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Take a Deep Breath. It Will All Work Out

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Life has taught me that expectations are guaranteed assurance for disappointment. I have spent countless hours of my life predicting and preparing for situations, many of which never arrive. I look for exits in unfamiliar locales and questionable strangers have my eyes darting in all directions. I’ve prepared dozens of scenarios for every late night phone call from every possible area code.

And why? The situations are rarely a threat. The weird person passes right by me without notice; the late night phone call turns out to be the wrong number.

I try to make sound decisions but in retrospect, there are probably only a handful of decisions that I think were truly brilliant or life altering. As I’ve gotten older I have learned to slowly let go of what I cannot control, but not entirely. Like driving a car in cruise control, but I still keep my foot near the gas and the brake. For better or worse, control is something I can never truly relinquish—and not for lack of trying. Sometimes, I’ve realized, that the path life lays out for you is not the one you have envisioned. Like a club you never considered joining and then you’re not just a card-holding member, but also the executive director.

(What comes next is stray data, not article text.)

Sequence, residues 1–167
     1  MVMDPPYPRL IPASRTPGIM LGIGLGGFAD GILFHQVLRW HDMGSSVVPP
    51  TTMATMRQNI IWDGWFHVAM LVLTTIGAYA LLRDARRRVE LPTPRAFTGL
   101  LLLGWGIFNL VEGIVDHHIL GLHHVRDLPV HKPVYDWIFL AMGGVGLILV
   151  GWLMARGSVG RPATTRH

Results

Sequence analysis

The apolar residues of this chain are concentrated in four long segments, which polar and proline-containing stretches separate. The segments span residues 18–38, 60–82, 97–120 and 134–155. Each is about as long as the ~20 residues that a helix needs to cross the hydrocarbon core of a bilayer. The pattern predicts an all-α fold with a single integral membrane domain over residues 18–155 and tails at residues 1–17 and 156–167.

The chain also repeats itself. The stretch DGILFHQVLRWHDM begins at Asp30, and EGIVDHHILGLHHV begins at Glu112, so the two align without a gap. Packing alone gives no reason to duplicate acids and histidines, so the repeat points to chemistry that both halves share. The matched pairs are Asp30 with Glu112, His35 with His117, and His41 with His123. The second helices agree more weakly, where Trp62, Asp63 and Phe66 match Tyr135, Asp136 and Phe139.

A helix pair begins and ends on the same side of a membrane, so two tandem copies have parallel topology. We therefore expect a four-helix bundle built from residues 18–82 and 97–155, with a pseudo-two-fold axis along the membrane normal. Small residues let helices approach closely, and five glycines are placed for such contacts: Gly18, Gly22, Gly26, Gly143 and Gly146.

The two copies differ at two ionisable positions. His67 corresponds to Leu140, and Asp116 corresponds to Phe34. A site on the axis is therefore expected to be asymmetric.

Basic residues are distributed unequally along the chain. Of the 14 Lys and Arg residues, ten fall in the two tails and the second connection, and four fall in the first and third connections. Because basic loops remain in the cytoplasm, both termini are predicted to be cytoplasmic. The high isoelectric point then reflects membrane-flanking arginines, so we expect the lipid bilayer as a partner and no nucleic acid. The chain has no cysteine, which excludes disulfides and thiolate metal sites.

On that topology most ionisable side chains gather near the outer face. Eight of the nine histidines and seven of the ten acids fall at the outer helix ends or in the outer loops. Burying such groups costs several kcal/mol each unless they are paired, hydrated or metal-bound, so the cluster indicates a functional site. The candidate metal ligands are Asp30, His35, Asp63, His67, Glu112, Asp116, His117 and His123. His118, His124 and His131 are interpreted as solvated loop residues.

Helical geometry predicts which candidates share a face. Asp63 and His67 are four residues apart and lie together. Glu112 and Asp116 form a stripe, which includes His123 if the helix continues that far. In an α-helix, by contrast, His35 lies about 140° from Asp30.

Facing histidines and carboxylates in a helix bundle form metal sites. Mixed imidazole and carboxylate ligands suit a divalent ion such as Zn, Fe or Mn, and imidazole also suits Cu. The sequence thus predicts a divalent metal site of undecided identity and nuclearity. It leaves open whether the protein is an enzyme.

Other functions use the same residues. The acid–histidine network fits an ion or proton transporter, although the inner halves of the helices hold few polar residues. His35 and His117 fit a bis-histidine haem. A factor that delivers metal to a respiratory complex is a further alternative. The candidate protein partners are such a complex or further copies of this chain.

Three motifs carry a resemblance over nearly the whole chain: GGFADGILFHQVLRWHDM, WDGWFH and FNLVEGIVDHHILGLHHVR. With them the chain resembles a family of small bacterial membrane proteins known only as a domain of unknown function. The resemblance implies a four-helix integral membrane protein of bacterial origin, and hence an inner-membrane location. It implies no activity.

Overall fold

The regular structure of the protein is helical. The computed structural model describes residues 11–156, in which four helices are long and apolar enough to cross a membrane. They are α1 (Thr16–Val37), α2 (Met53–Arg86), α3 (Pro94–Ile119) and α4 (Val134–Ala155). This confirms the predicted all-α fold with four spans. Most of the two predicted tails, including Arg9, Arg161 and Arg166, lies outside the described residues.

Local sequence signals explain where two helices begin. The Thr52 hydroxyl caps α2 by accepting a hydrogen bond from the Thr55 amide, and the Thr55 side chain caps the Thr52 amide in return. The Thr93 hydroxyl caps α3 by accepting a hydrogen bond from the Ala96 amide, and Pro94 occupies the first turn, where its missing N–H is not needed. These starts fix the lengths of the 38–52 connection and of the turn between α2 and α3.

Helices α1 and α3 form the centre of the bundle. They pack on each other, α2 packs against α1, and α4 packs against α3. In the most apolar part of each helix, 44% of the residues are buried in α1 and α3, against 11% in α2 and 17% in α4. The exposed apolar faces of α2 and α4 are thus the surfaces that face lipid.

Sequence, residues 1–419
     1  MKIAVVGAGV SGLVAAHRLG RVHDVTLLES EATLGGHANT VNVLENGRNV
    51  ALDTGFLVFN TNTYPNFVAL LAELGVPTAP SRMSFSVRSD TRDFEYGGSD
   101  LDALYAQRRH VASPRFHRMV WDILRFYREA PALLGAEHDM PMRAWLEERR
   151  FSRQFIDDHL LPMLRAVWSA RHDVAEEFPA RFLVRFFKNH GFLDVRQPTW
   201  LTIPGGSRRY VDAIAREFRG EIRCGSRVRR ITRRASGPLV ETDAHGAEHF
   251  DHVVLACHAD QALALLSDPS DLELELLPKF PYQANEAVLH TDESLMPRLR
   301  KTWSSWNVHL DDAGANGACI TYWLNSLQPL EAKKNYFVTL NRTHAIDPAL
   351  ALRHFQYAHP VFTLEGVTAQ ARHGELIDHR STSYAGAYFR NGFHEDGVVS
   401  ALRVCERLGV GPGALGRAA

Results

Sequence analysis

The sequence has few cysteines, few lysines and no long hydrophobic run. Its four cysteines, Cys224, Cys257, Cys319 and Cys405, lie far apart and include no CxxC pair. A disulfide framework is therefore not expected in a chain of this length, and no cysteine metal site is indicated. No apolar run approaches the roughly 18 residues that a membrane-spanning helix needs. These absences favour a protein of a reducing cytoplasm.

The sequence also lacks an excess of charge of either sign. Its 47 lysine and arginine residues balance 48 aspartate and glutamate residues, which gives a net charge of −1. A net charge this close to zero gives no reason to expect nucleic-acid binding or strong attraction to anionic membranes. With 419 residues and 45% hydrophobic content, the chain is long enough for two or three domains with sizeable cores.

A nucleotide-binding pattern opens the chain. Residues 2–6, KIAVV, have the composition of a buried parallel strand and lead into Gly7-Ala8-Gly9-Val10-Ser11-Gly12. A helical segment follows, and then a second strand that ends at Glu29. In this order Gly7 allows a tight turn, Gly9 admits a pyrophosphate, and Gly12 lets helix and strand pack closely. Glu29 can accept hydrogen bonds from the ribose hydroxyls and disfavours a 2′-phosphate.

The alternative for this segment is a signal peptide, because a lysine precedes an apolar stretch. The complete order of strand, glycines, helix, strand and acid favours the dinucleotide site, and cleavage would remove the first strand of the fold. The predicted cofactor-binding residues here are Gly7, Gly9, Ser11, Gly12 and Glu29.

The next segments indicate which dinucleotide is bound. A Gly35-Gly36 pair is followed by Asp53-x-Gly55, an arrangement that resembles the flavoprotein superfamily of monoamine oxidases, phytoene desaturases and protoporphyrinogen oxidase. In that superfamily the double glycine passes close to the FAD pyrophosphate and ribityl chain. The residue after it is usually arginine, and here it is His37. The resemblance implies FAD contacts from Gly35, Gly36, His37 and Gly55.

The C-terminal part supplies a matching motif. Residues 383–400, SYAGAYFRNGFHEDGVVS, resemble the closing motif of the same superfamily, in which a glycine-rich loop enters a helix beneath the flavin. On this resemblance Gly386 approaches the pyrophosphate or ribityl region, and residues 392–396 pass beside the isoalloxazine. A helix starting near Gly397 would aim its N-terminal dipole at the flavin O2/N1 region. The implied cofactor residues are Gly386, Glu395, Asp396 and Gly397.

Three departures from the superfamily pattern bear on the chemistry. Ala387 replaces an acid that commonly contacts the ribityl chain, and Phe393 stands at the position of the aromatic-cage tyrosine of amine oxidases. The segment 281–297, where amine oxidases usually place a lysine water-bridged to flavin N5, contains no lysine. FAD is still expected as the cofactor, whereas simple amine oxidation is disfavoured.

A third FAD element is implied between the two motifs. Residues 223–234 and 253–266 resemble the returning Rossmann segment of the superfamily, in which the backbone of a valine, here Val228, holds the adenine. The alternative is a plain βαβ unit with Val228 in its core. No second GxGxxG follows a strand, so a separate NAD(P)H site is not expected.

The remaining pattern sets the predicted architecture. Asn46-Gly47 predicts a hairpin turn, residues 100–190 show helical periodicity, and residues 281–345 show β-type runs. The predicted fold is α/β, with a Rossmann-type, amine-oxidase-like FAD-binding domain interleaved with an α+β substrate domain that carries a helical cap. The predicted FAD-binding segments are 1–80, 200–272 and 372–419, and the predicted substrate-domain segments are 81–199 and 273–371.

I love the number eight. All my emails have eight’s, my passwords have eight’s, I was born in the eighth month, and live in apartment # 8. 2008 was going to be my year—but I had no idea how.

The year started with a partial thyroidectomy. Half my thyroid, half my metabolism and half my over anxiety were cut out. On the road to recovery through Guitar Hero therapy, I was on the mend like a champion. Life, however, had a plan all its own.

Three weeks after my surgery, crossing Lexington Avenue after work, a heavy woman tripped and fell on me. Most of the rush hour crowd stepped around her; one person helped her up. I stood frozen in the background, a tree you don’t worry about after crashing into it. My knee was throbbing. Afraid to take a step, I suddenly realized that this may have been the knock I really needed to put me into another path. My knee was fractured and I was ordered to be on no-weight-baring crutches for six weeks (in a walk up apartment.)

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We value and respect our HERWriters' experiences, but everyone is different. Many of our writers are speaking from personal experience, and what's worked for them may not work for you. Their articles are not a substitute for medical advice, although we hope you can gain knowledge from their insight.